Oct 15, 2016


1941: Reason
Original cover art: Stephen Youll
Back in August, I got into my time machine and went back 75 years, traveling in my imagination to the year 1941, the year when Isaac Asimov's positronic robot QT-1 appeared in Astounding magazine.

I like to imagine that QT-1, Michael Donovan and Gregory Powell might have existed in a previous Reality, what I call the Foundation Reality. In that Reality, both space travel technology and artificial intelligence research zoomed ahead at a faster pace than in our universe.
Origins of the Science Fiction genre.
When I was a boy growing up during the Space Race, I was surprised to discover a book called Modern Space Science. As shown in the graph, above, the term "space science" was very new in 1961. I was intrigued by the idea that there might have been an earlier era of space science before the "modern" era of NASA and rocket ships going to the Moon.

The graph, above, also shows the time period in the 20th century when the term "science fiction" came into common use. In 1953, a book called Modern Science Fiction was published and it included an article by Asimov.

Asimov wrote about "Social Science Fiction", which he contrasted with earlier types of science fiction that might be called "gadget stories" or technology-oriented "adventure stories". There is nothing wrong about including cool gadgets and rousing adventure in science fiction stories, but Asimov was among a group of scientifically-literate authors who could think deeply and creatively about the impact of science on society. By including in their stories reasoned speculation about how science could impact human societies, authors such as Asimov, Robert Heinlein and Arthur C. Clarke could take the science fiction genre to a new level of sophistication.
The origins of a science of space travel and space travel in science fiction.
Rockets? Who needs rockets?
1930 cover art by Hans Wessolowski
Long before the arrival of science fiction as a new and distinctive literary genre, some story tellers imagined travel through outer space (example). Those early stories included no suggestion of how such space travel might be possible. When The War of the Worlds was written by H. G. Wells in the late 19th century, the invading Martians magically traveled from Mars to Earth. In the early 20th century it finally became possible for scientists to imagine how rockets could be used to move spacecraft through space.

In 1920, Robert Goddard's early suggestion that rockets could function in space was ridiculed in a New York Times editorial. 49 years later, The New York Times finally published an apology for their ignorant dismissal of rocket-powered space travel, doing so just a few days before the first man walked on the Moon.

An early science fiction rocket ship
cover by Nick
Even after Goddard explained to the world that chemically fueled rockets could power space flight, many early science fiction stories continued to use imaginary propulsion technologies for space travel. One of the most famous of these fictional spaceship propulsion technologies was imagined by E. E. "Doc" Smith and published in the 1920s.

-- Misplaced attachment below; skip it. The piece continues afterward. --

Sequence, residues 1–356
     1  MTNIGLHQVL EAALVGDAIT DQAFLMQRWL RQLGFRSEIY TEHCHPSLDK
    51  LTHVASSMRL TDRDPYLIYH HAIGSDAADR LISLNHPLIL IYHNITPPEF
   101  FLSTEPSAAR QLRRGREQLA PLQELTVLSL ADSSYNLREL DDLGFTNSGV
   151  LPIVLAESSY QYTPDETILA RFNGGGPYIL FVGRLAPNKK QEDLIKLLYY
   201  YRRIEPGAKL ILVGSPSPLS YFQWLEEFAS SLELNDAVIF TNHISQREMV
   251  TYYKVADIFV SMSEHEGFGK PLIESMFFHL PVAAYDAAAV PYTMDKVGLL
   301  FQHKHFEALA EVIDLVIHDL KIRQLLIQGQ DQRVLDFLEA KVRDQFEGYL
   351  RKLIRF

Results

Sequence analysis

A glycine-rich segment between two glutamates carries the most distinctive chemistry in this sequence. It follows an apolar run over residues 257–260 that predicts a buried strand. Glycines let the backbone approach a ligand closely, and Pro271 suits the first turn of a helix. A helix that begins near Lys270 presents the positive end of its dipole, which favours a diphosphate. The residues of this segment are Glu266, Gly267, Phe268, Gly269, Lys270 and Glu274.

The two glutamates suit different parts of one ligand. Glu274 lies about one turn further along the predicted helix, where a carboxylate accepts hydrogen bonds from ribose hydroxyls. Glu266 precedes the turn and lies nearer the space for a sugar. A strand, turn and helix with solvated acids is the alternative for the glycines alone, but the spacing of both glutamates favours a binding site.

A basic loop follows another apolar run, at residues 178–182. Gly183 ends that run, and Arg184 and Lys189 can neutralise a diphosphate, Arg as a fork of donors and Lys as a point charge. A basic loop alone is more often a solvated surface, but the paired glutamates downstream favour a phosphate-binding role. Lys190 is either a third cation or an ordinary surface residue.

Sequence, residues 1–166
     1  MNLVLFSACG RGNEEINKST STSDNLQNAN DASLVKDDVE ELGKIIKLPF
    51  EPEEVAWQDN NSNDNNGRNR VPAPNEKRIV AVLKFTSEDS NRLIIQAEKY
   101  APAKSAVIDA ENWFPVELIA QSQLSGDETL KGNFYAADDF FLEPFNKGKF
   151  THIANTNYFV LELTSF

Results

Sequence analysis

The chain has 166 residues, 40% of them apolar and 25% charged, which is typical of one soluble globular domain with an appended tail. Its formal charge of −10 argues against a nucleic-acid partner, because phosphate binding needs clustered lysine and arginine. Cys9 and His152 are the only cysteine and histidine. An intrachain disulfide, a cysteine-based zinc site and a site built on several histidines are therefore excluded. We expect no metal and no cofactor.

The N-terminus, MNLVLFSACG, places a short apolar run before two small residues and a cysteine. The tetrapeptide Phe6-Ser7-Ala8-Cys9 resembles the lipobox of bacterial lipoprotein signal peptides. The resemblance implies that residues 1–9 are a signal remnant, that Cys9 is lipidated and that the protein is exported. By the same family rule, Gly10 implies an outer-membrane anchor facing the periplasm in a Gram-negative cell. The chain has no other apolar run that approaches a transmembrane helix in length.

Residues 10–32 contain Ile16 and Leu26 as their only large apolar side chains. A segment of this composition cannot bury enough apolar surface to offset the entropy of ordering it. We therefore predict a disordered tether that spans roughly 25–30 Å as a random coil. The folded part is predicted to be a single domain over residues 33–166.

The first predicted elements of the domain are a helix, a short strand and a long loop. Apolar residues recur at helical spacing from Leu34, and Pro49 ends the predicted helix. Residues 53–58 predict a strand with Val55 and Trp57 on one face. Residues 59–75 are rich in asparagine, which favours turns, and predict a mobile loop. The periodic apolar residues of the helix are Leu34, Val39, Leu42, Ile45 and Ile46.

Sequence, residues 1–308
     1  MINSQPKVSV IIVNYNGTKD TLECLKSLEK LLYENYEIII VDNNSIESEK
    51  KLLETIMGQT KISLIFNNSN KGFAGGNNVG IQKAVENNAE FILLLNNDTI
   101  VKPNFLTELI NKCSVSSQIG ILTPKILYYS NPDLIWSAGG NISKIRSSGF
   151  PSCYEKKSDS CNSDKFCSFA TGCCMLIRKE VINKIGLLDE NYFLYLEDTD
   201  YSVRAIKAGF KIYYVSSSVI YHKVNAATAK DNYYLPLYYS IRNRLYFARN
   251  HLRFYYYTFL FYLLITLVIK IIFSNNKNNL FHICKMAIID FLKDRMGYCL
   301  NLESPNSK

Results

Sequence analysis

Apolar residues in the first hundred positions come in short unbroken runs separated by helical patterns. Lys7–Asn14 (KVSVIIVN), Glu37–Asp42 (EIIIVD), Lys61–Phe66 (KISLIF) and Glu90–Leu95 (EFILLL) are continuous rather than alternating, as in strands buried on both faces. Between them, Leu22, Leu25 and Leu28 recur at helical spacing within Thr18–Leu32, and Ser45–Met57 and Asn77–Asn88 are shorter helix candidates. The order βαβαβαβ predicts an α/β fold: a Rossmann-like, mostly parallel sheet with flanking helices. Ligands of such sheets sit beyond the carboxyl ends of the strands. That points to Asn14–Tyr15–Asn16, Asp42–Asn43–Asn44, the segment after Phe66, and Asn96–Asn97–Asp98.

In 1924, Robert Goddard published an account in Popular Science of how chemical rockets could work in outer space. Soon there were science fiction stories that made use of the idea of a "rocket ship" that could travel to distant planets. Rocketry was taken more seriously in Germany than in the United States. In 1929, Woman in the Moon was an early film depiction of travel in space using rocket propulsion.

Rocket ships and ray guns.
Early Asimov; cover by Robert Sherry
Although there was censorship of rocket stories in Germany leading up to World War II, Clarke's "We Can Rocket to the Moon – Now!" (in 1939) was an essay that made clear the practical application of rockets for space travel (read Clarke's May 1939 article on page 24 of Urania: "The First Space Ship").

The young Isaac Asimov grew up right when the first science fiction magazines were available for him to read in his family's candy store. He started publishing his own stories when John Campbell had taken editorial control at Astounding. Asimov had become impatient with some of the tired old science fiction story plots of the pulp magazine era. For example, he disliked all of the clanking murderous robots that had been included in science fiction stories and he knew that it was silly to imagine the existence of human-like residents on nearby planets such as Mars and Venus. Asimov, as a writer of science fiction, was ready to be pushed in new literary directions by Campbell.

Science Fiction in 1953
a more mature Asimov
The year 1953 was an interesting milestone year for both science and science fiction. In 1953, Watson and Crick published the double helix model of DNA. Classical biology was transitioning into the era of molecular biology in which the nanoscale components of living cells could be studied and provide a mechanistic understanding of life.